The Arkansas Senate approved the $915 million
appropriation for the Private Option plan last week, but the House
narrowly rejected it in four votes.
House Speaker Davy Carter, a Republican and a Private Option
supporter, has expressed confidence that funding will eventually be
secured. The House will probably vote on the bill on Monday, and
every day after that until it passes, he said.
The program uses federal Medicaid funds from the Affordable Care
Act, or Obamacare, to help buy health insurance coverage for
low-income Arkansans, many of whom would otherwise be assigned to
Medicaid or have their treatment costs absorbed by doctors and other
This appeals to some conservative lawmakers who want to provide
healthcare for the uninsured and believe a private-sector option
makes more sense than enrolling more people in the federal Medicaid
It also fits into the plans of the Obama administration, which would
like to see states use federal Medicaid money to provide some form
of insurance for lower-income residents.
Both houses in the Arkansas legislature are controlled by
Republicans, who are opposed to Obamacare and divided on whether the
Private Option is a reasonable alternative.
The program, crafted by Republican legislators who worked with
Governor Mike Beebe, a Democrat, was enacted last year.
"Republican governors and Republican states and anti-Obamacare and
anti-federal government healthcare folks are saying, 'Gosh, we need
to do what Arkansas is doing'," Beebe said in a Reuters interview
The Arkansas experiment has since been adopted or considered for use
in some form by several other states, including Republican
strongholds such as Utah, and battleground states in presidential
elections, including Pennsylvania, Michigan and Ohio.
"Pragmatic folks have said, 'We may not like it, we may have voted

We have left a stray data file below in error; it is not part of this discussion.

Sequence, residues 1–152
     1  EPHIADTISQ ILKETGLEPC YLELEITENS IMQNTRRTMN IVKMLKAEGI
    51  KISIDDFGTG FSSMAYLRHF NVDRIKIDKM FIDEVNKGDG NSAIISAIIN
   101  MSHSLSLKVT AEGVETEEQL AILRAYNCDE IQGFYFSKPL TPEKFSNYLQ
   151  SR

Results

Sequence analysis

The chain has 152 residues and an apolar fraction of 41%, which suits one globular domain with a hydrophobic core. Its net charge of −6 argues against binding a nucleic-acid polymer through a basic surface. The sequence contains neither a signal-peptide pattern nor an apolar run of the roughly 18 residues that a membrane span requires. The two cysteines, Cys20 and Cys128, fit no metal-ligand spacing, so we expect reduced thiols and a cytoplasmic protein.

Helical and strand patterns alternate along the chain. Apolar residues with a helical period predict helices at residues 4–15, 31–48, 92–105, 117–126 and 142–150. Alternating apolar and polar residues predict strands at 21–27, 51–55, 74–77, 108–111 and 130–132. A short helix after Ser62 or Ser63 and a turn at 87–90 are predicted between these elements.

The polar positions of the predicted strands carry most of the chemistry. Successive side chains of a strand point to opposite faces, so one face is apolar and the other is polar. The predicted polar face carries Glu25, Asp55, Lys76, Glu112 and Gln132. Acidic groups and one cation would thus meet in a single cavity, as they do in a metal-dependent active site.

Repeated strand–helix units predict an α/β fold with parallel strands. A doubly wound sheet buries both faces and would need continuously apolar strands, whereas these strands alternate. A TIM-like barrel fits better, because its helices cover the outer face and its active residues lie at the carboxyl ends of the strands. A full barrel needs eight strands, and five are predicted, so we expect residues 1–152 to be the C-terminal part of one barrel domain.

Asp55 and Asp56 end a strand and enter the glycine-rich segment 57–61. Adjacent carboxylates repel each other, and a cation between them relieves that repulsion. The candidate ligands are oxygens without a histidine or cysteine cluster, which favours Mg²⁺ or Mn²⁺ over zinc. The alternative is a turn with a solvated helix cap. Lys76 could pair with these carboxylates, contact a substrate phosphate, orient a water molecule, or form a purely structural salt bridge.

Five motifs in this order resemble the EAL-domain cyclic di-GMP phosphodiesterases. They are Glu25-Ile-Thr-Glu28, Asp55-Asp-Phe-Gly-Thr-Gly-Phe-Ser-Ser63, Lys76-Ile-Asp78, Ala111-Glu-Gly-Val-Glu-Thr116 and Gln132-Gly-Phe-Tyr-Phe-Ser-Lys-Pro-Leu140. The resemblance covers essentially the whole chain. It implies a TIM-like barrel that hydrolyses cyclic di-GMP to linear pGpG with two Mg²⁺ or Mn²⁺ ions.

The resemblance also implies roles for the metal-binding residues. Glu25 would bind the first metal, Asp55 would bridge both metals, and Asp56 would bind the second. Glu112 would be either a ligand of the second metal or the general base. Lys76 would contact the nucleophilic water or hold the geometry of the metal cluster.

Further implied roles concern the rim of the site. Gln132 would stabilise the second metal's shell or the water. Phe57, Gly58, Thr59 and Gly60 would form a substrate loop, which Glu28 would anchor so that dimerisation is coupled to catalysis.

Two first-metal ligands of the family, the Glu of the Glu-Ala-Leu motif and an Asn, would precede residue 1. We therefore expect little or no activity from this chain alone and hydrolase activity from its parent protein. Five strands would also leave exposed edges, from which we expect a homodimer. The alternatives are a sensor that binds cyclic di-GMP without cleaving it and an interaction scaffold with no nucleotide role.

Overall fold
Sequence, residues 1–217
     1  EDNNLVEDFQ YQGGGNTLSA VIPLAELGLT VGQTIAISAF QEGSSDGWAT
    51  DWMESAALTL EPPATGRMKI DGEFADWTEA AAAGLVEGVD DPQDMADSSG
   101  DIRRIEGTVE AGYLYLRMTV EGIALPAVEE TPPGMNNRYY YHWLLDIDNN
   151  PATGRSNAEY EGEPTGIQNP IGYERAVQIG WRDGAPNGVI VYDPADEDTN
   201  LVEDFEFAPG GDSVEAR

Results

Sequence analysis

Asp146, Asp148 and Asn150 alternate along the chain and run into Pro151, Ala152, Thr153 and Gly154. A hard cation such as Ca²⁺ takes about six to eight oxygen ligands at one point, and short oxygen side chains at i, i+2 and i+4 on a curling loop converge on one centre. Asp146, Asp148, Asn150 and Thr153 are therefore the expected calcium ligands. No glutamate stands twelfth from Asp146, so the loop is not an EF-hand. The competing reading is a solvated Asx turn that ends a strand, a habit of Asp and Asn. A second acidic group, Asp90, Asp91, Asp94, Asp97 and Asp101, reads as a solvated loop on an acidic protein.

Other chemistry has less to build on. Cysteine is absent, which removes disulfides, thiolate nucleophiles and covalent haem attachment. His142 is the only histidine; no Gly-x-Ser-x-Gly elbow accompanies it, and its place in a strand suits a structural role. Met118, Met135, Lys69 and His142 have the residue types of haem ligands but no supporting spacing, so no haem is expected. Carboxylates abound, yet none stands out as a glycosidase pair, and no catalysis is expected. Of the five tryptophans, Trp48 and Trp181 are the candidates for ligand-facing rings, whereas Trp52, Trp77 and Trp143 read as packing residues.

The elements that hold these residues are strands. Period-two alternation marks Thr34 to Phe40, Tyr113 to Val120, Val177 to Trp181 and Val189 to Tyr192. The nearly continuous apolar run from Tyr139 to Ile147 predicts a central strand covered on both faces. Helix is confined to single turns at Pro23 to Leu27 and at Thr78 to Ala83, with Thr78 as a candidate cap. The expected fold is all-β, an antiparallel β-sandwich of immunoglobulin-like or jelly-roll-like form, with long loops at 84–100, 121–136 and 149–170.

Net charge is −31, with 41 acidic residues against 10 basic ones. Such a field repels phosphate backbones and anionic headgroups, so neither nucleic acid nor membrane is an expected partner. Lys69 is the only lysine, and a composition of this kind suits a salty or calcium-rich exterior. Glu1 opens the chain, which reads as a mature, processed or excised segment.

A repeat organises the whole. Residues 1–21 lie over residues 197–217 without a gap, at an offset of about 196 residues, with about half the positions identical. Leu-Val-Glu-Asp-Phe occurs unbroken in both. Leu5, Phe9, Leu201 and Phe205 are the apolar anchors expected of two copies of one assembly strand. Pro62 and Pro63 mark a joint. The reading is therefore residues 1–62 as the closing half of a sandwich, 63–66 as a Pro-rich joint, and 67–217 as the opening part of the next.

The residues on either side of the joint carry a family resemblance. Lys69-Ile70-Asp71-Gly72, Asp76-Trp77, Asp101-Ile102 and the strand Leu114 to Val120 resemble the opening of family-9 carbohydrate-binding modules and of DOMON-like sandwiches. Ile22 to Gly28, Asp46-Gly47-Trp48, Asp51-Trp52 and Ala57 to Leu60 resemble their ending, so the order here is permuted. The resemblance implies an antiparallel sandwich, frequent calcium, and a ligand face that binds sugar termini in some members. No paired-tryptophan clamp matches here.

against it, but as long as we've got it, let's take care of our own
people'," Beebe continued.
"From pure arithmetic, it's pretty much a no-brainer."
But opponents in the Arkansas General Assembly said that both the
Private Option and the Affordable Care Act would prove financially
disastrous and represent an unacceptable expansion of government.
[to top of second column]
State Representative Nate Bell, a Republican from Mena, Arkansas,
and a leading opponent of the Private Option program, answered
"both" when asked if conservative opposition to the plan was fiscal
Bell, who voted against the program in 2013, advocates passing
the appropriation this year, but only after attaching amendments
that he says could make it easier for the financing to wither in the
2015 legislative session.
Bell's language strips from the funding bill all money for outreach — advertising and marketing intended to increase enrollment in the
Private Option — that its advocates say is important to broadening
participation and holding down costs.
The Democratic governor and the program's legislative advocates have
accepted that the amendments may be the price they have to pay to
win the additional Republican votes needed to keep it funded.
Beebe has warned that failure to continue the Private Option
would destroy his proposed $5 billion budget for the fiscal year
beginning July 1 because the savings the program anticipates would
compensate for millions of dollars in state tax cuts that
Republicans demanded in 2013.
Last week, the 100-member House fell about five votes short of the
75 votes needed to continue funding.
"It boils down to Obamacare,"said state Senator Larry Teague, a
Democrat from Nashville, Arkansas, and the co-chair of the
legislature's powerful Joint Budget Committee.
Legislation with "any connection at all" to Obama's signature
healthcare law is enough to doom it among some Republicans, Teague
(Reporting by Steve Barnes; writing by
Jon Herskovitz; editing by Jan Paschal)
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